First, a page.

The non-maskable interrupt (NMI) is the only interrupt which is not
disabled by the CLI instruction, so it can be used in special cases that
need immediate attention.

It is designed to handle catastrophic problems such as a power failure.
In a fail-safe system, the NMI could dump RAM to disk storage in an
attempt to save data before all was lost.

In the standard PC BIOS, the NMI is hard-wired to be executed in the event
of a memory parity error.  When it occurs, the PC locks up and dies.  Now
don't you feel safer knowing that everything in memory will be lost rather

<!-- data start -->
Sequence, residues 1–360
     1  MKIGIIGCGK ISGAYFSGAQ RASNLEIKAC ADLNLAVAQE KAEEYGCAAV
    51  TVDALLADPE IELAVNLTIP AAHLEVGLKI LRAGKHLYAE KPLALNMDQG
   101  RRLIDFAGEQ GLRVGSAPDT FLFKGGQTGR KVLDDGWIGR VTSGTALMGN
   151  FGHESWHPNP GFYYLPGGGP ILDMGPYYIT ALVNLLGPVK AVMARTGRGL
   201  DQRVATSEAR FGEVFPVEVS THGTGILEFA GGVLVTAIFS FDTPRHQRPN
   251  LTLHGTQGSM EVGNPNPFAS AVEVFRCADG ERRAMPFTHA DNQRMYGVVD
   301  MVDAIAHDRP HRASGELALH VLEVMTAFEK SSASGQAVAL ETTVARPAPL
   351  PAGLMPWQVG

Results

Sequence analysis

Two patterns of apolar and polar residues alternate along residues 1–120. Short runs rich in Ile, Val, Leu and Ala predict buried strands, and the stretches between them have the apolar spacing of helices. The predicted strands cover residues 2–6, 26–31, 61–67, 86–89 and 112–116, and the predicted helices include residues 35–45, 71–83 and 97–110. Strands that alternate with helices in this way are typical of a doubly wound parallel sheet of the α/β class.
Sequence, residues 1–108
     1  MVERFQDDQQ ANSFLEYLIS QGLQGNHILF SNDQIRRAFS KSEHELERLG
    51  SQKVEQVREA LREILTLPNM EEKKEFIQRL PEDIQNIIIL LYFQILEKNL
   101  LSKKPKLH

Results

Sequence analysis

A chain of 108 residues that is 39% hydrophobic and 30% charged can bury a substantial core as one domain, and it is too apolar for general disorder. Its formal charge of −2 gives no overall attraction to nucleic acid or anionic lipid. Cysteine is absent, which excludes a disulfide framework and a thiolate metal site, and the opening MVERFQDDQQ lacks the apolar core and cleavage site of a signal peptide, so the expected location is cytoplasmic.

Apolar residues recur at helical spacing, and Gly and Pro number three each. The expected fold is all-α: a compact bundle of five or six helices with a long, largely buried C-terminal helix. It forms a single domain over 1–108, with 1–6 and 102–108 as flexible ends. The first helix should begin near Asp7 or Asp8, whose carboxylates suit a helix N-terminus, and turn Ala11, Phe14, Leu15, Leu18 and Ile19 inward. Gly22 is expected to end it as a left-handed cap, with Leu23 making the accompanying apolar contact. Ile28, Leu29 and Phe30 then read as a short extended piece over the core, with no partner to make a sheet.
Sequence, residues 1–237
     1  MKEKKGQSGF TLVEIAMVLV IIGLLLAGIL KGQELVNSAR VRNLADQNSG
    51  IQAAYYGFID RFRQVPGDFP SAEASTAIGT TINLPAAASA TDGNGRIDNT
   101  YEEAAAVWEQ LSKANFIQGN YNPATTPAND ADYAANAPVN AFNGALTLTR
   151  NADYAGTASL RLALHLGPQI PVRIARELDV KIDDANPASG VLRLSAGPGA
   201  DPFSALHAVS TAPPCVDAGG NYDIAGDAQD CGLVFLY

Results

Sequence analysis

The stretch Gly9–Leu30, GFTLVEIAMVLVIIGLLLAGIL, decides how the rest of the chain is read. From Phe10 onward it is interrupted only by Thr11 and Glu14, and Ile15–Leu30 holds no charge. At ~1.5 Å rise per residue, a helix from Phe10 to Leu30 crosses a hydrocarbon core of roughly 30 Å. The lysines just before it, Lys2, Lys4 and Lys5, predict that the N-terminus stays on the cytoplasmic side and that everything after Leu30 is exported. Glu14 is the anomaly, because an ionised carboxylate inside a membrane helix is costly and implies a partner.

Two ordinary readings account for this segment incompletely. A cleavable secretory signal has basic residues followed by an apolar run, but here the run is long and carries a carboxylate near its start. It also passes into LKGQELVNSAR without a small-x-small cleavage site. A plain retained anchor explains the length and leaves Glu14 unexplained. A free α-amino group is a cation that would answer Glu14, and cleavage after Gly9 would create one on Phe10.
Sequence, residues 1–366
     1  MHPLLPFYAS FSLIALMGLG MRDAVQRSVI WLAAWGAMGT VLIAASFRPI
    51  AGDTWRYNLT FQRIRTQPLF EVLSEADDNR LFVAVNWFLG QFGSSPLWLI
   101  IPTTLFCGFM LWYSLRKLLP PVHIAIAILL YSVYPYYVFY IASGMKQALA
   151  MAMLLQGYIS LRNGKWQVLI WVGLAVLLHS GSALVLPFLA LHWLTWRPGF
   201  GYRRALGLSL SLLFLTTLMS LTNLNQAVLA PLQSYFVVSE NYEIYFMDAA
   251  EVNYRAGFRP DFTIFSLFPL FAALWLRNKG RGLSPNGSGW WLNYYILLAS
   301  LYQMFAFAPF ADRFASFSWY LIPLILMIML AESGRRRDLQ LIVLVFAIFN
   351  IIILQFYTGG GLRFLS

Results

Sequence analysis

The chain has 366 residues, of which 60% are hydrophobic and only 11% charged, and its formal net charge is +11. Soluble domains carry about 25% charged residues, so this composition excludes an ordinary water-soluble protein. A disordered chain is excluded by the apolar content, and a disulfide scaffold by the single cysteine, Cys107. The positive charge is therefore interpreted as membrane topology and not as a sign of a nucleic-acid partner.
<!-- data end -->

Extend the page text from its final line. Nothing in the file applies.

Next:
than a few bits?

The 8087/80287 math coprocessor is tied to the NMI line and causes an
interrupt when it encounters an exception condition (e.g., division by 0).

Typically you must read I/O Port 64H to find if a memory error occurred
and if not, perform an FNSAVE to find what caused the 8087 exception, then
FNCLX to clear the error.

Note: PCjr uses the NMI to detect keystrokes from the infrared linkup.

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INT 02H: Non-Maskable Interrupt